Managing Director @ Gi Effektivt
Working (0-5 years experience)


Currently managing Gi Effektivt, an effective fundraising plattform run by EA Norway. My previous position was Assistant Executive Director at EA Norway. Co-founder of EA NTNU, the first EA group in Norway and former Managing Director of the Effect Foundation. 
\\ Interested in fundraising, philanthropic advising, community building, operations and project management. My current plan is to continue working in meta EA, primarily at EA Norway.
\\ I have a masters engineering degree at NTNU, Trondheim, Norway in industrial economics and technology management. My engineering field is computer science, tech specialty being artificial intelligence and econ specialty being operations research.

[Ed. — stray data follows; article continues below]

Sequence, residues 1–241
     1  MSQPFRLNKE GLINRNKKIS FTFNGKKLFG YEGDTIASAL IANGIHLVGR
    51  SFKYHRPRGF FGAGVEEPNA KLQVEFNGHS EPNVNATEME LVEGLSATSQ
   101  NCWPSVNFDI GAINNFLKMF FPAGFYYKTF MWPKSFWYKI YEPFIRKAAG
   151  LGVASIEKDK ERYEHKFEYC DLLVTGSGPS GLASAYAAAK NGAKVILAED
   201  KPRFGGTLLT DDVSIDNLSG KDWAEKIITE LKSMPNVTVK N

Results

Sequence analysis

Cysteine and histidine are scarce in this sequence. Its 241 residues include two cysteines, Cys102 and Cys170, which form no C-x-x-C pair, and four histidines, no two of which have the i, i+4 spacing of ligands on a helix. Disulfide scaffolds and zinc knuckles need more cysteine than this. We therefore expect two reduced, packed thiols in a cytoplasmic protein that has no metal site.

I really like these kinds of write-ups that provides a rough calculation of the cost-effectiveness of altruistic actions! A point I would like to poke on is the conclusion that if there's a 1/3 chance of your blood being used in a (fatal) surgery, you should attribute 1/3 * your share of the blood used of a life saved. This isn't counterfactual reasoning, which I think is the best way to go about analyzing this. When deciding, on the margin, whether I should donate blood or not, I should try to figure out what the expected consequences are if I donate as compared to me not donating.

My guess is that, in developed countries, it's extremely rare that people die during surgery because of a lack of blood units available at the hospital.